Coverart for item
The Resource Getting to Yes with China in Cyberspace, by Scott Warren Harold, Martin C. Libicki, Astrid Cevallos, (electronic book)

Getting to Yes with China in Cyberspace, by Scott Warren Harold, Martin C. Libicki, Astrid Cevallos, (electronic book)

Label
Getting to Yes with China in Cyberspace
Title
Getting to Yes with China in Cyberspace
Statement of responsibility
by Scott Warren Harold, Martin C. Libicki, Astrid Cevallos
Creator
Contributor
Author
Issuing body
Publisher
Subject
Language
eng
Summary
"Since the founding of the People's Republic of China in 1949, the U.S.-China relationship has been characterized by conflict, confrontation, and strategic mistrust. The tensions that divide the two countries have been growing in importance in recent years. Unfortunately, they apply just as much to cyberspace as to relations in the physical world. Indeed, of all the areas where the relationship between the two sides is troubled, cyberspace has been one of the most contentious. The United States and China began formal negotiations in 2013 to resolve such differences only to see them abruptly suspended in 2014, when China broke them off in response to the U.S. indictment of several Chinese military officers on charges related to cyber-espionage activities. This study explores U.S. policy options for managing relations with China over this critical policy area through the use of agreements and norms of behavior. It looks at two basic questions: Can the United States and China achieve meaningful outcomes through formal negotiations over norms and rules in cyberspace? And, if so, what areas are most likely to yield agreement and what might be exchanged for what? This analysis should be of interest to two communities: those concerned with U.S. relations with China, and those concerned with developing norms of conduct in cyberspace, notably those that enhance security and freedom"--Publisher's description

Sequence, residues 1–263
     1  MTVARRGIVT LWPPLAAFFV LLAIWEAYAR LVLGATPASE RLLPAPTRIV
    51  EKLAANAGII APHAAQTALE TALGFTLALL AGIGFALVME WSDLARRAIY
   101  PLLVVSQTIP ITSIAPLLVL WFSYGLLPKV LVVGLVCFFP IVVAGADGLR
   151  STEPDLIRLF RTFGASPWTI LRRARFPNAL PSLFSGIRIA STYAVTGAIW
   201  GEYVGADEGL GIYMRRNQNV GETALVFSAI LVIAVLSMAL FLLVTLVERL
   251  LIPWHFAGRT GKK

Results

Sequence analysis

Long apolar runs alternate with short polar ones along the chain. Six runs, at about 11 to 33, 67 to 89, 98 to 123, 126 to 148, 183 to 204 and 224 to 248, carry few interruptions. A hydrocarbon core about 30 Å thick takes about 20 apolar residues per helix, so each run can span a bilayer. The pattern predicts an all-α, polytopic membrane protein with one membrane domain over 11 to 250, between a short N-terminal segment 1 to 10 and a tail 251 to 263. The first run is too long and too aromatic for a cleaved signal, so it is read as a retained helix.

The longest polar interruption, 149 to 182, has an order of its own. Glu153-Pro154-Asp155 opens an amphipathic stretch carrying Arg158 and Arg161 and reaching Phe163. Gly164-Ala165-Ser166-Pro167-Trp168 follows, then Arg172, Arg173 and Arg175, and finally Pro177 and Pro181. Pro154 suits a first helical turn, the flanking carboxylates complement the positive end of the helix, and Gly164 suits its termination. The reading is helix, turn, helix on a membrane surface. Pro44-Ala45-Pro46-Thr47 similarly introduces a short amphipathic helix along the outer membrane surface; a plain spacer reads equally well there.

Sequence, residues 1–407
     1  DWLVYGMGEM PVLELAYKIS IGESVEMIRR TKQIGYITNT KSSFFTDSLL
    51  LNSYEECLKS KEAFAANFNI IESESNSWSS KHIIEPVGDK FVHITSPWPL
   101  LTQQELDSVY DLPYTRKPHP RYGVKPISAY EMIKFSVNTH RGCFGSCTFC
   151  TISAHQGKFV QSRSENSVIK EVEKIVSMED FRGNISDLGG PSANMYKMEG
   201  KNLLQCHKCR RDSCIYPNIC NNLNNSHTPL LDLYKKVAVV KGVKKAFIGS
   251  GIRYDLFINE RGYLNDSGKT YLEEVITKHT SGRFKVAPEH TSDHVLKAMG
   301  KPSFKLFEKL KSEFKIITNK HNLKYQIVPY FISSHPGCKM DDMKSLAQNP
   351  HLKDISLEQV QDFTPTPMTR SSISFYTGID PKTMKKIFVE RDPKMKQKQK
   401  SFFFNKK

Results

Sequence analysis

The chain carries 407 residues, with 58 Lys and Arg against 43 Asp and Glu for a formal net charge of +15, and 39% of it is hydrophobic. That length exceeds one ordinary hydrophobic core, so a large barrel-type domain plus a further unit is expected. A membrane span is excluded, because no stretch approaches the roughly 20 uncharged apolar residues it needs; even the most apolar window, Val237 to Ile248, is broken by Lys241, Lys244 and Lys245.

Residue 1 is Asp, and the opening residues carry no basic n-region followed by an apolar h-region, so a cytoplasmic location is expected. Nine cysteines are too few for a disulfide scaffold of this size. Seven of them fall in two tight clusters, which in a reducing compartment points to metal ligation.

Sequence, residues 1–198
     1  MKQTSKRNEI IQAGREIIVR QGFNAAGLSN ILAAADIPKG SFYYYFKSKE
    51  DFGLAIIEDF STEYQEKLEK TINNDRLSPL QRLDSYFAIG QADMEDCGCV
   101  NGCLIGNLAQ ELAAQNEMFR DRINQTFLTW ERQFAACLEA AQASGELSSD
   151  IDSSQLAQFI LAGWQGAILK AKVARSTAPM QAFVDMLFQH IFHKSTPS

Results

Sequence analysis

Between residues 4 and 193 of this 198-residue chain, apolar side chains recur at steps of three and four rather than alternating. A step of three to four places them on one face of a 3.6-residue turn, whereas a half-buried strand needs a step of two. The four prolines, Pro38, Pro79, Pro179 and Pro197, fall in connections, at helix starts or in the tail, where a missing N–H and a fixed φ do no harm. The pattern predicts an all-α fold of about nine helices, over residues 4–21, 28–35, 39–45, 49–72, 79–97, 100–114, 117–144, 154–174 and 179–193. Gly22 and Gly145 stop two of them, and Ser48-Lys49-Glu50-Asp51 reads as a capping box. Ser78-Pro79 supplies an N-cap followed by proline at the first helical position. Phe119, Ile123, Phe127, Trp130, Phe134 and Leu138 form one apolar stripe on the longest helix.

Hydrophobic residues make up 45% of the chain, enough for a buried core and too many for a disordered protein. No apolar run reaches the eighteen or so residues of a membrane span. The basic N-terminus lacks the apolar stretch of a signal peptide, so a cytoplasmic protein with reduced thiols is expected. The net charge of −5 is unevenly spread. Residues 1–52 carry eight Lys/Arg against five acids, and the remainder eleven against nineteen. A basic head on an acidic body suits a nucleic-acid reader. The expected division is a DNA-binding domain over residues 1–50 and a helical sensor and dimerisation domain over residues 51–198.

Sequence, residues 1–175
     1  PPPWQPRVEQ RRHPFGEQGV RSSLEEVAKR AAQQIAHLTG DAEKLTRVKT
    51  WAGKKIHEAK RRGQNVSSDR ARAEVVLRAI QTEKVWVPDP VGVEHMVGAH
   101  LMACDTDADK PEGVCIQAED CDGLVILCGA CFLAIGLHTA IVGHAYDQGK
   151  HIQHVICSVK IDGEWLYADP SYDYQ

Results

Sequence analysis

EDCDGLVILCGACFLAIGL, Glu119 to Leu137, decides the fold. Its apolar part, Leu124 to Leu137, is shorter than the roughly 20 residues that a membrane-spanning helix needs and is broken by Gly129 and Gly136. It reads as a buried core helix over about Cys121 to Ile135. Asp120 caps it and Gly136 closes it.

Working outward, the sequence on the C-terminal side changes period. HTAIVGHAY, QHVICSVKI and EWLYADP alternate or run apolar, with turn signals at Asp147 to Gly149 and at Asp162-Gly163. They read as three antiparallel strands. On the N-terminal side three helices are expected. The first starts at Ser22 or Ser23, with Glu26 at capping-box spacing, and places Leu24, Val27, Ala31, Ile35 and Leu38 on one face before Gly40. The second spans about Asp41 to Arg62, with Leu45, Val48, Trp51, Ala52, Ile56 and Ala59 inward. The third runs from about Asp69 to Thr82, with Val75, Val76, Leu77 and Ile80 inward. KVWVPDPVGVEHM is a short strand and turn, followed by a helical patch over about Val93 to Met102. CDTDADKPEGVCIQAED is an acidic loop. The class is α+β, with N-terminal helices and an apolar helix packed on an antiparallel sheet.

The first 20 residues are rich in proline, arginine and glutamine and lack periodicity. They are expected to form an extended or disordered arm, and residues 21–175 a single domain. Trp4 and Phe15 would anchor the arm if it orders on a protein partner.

Member of
Cataloging source
DOS
http://library.link/vocab/creatorName
Harold, Scott Warren
Dewey number
384.3/30951
Index
no index present
LC call number
HM851
LC item number
.H37 2016eb online
Literary form
non fiction
Nature of contents
  • dictionaries
  • bibliography
http://library.link/vocab/relatedWorkOrContributorName
Rand Corporation
Series statement
Research report
Series volume
RR-1335-RC
http://library.link/vocab/subjectName
  • Cyberspace
  • Cyberspace
  • Cyberspace operations (Military science)
  • Information warfare
  • Internet in espionage
  • Espionage, Chinese
  • Cyberterrorism
  • Cyberterrorism
  • Cyberterrorism
  • Security, International
  • National security
  • United States
  • China
Label
Getting to Yes with China in Cyberspace, by Scott Warren Harold, Martin C. Libicki, Astrid Cevallos, (electronic book)
Instantiates
Publication
Copyright
Note
"March 22, 2016"--Table of contents page
Bibliography note
Includes bibliographical references (pages 91-104)
Carrier category
online resource
Carrier category code
cr
Carrier MARC source
rdacarrier
Content category
text
Content type code
txt
Content type MARC source
rdacontent
Contents
  • Ch. 1. The "cyber problem" in U.S.-China relations -- ch. 2. Coming to terms -- ch. 3. Getting to now -- ch. 4. Getting to yes? -- ch. 5. Conclusions -- Postscript